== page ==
RECAP: The Bachelors Australia – S11 E07

After an entire week and a half of this show airing, we’re now past the halfway mark. Theoretically, we should now be well on our way down the slippery slope towards the end, but truly, when they air the show this fast, it is so hard to tell.

There’s no point complaining about the airing schedule, because the decision has been made, but… oof, it really does not encourage emotional investment.

Which is a shame, because some of the narrative work they’re doing is quite good (even though it could have been better if they’d just fucking CALLED ME).

Anyway! Before we get into the recap of tonight’s episode, I want to pick up on a point I mentioned briefly in last night’s – the seductive, but not necessarily constructive, idea of the “organic”.

A refresher: Jade pressed Wesley for some more information on how far he’d be prepared to go with a partner (yes, sorry, we’re talking about Wesley again, the scab I can’t stop picking at). He, like he did with Brea last week, stonewalled her – the closest we got was him agreeing that any kind of relational and/or sexual progress would need to be “organic”.

Oh, friends. Let’s talk about this fucking word, because it has popped up in my research a few times.

In the work that my sociologist pal Lisa Portolan and I did on the ways in which people think about romance on dating apps, “organic” came up over and over again. People desperately wanted to find romance “organically”, and it was one of many things which made them feel deeply ambivalent about being on the apps, because it felt like getting the process of romance jumpstarted artificially.

(One particular way this manifested was in the desire for a meet-cute – if you want to read more but you don’t have institutional access to read the article linked above, here’s a link to a Conversation article we wrote about this aspect of it.)

It also came up over and over again in the work I did for my PhD-thesis-turned-monograph The Consummate Virgin. I read about 800 autobiographical virginity loss series for this book, and a common theme was the idea of virginity loss as an organic or “natural” next step in a romantic relationship. If you remember back to a few recaps ago when I talked about Laura Carpenter’s three scripts for virginity loss – this idea of sex as a natural next step in a relationship and/or in a process of sexual maturation figures heavily into the rite of passage script.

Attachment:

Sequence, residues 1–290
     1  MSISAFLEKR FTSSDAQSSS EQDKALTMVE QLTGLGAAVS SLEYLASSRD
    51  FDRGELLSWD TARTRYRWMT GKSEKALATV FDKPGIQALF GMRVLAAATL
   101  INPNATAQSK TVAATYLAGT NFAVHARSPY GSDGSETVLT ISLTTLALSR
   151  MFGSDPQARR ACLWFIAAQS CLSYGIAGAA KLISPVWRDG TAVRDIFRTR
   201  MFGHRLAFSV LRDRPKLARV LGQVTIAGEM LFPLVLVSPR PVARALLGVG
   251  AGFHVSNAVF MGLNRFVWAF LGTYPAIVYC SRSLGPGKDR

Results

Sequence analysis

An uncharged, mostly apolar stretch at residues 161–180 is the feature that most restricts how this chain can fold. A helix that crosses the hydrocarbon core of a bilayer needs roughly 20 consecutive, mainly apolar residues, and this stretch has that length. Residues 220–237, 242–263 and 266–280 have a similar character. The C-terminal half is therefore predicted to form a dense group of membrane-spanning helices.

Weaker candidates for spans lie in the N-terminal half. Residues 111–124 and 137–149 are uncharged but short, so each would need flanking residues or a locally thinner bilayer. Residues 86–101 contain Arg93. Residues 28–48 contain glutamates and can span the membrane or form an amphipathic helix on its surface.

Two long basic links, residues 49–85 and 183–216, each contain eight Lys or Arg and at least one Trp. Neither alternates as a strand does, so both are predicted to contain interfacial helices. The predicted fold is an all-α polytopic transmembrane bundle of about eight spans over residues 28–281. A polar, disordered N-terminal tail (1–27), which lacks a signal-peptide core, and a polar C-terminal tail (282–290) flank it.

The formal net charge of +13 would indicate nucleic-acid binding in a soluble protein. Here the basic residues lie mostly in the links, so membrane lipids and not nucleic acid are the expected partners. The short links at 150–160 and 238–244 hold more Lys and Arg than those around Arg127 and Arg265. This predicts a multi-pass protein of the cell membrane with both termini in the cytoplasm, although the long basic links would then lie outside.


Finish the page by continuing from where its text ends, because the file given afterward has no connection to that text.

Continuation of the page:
This all seems well and good, right? We love organic! We love natural!

But these terms have a dark side, because they’re often code for “without talking about it”.

This came up repeatedly in my research on virginity loss. While (thankfully) the idea that communication is antithetical to the natural seems to be ebbing a little bit, it certainly hasn’t gone away. A running thread through a lot of virginity loss stories was this desire for sex to happen magically at the right time with the right person and – because of this constellation of rightness – to be just as magically excellent (spoilers: it usually wasn’t).

You can even see it in the dating apps research: if you begin a romance by talking, instead of through bumping into someone and spilling your coffee on them and magically falling in love – especially if you begin talking abetted by technology – then that becomes unnatural, somehow.